Wind Leaves (Kahn)
|Type||Aluminum and stainless steel sculpture|
|Dimensions||9.1 m (30 ft)|
|Location||E. Michigan St. and N. Harbor Dr., Milwaukee|
Wind Leaves is a public artwork by American artist Ned Kahn located on the downtown lakefront Pier Wisconsin in Milwaukee, Wisconsin, United States. It was created in 2006 and consists of a series of seven 30 ft (9 m) tall structures made from aluminum and stainless steel. The structures, which move with the wind, have leaf forms at the top covered by thousands of stainless steel disks.
The seven 30 ft (9 m). structures that make up Wind Leaves each have a semi-circular form at the top which is covered by stainless steel disks. This provides a sparkling surface that reflects its surroundings such as the lakefront, city traffic at night, and the sunset. There are hand wheels on the support columns that allow the viewers to interact with the sculpture by turning it. Wind Leaves also has ball bearings in the columns that cause the work to move with the wind. The artwork has a musical component as well. There are a group of benches with drum sticks around the columns that can be played like xylophones, and there is a musical instrument that can be played by dropping pebbles into it.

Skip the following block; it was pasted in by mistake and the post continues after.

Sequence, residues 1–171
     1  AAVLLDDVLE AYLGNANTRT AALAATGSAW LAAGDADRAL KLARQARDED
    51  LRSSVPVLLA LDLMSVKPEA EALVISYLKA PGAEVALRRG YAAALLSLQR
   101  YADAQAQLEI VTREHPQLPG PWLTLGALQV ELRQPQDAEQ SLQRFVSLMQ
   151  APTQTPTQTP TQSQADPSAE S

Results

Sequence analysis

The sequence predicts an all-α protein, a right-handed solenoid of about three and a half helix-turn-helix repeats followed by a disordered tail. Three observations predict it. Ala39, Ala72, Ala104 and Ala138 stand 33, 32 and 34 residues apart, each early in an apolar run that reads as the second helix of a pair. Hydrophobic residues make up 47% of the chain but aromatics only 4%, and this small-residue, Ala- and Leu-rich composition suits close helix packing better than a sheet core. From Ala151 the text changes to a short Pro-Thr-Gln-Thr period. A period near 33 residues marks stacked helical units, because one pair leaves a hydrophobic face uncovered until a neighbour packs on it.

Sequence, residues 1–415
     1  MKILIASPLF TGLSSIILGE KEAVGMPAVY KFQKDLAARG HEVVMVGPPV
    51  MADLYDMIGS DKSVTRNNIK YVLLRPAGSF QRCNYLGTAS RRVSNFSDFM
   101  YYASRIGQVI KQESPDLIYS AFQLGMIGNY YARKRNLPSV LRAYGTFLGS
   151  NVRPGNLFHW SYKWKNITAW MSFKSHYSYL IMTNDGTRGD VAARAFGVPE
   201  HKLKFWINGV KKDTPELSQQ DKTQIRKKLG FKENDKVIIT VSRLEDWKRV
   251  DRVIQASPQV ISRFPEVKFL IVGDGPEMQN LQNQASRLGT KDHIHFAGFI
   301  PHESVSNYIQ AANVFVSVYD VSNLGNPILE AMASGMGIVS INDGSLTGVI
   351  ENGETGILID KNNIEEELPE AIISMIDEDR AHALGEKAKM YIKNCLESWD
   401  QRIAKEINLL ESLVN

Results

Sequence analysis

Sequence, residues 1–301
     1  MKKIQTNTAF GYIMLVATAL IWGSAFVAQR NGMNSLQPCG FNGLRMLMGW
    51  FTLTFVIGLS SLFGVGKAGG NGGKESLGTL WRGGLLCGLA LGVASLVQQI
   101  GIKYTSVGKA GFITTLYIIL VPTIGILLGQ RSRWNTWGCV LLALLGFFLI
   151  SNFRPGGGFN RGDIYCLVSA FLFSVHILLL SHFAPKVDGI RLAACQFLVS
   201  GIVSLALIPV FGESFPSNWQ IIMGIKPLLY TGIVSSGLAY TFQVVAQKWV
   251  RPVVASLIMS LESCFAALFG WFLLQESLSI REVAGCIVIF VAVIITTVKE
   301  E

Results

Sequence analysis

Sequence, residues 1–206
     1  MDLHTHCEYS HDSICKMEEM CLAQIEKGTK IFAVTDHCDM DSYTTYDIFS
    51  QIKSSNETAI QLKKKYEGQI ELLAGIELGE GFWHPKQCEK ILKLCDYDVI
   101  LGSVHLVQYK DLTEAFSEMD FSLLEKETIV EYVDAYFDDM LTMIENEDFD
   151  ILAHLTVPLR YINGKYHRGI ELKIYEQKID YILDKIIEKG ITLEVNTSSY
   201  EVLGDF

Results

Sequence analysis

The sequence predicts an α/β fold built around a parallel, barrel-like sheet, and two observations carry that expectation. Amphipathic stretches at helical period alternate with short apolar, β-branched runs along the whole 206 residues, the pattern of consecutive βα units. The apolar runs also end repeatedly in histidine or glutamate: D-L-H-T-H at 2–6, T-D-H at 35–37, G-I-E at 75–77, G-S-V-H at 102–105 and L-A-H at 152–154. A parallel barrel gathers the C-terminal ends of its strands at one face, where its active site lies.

Wind Leaves is an environmental sculpture currently located in front of Discovery World at Milwaukee's Pier Wisconsin. The piece was paid for by an anonymous donor, and was originally designed to be placed near a grove of trees in Veteran's Park, an area north of its current location. Kahn envisioned the sculpture as a "forest of vertical elements" paying tribute to Milwaukee's big trees. Once the donor asked for the location to be changed closer to the water, the design concept changed to reflect its new surroundings. Kahn thus envisioned the present work, which is meant to "create the impression of being surrounded by a field of wind." "This sculpture works on many levels. First, it can be seen from a far, sparkling against the lake and the new museum's white geometry. It draws us to it. Up close, the experience is powerful but not obtrusive. You can sit in the park and relax, while at the same time enjoy the movement of the shapes as the wind pushes them around."
The money for the sculpture ($500,000) was provided by an anonymous donor.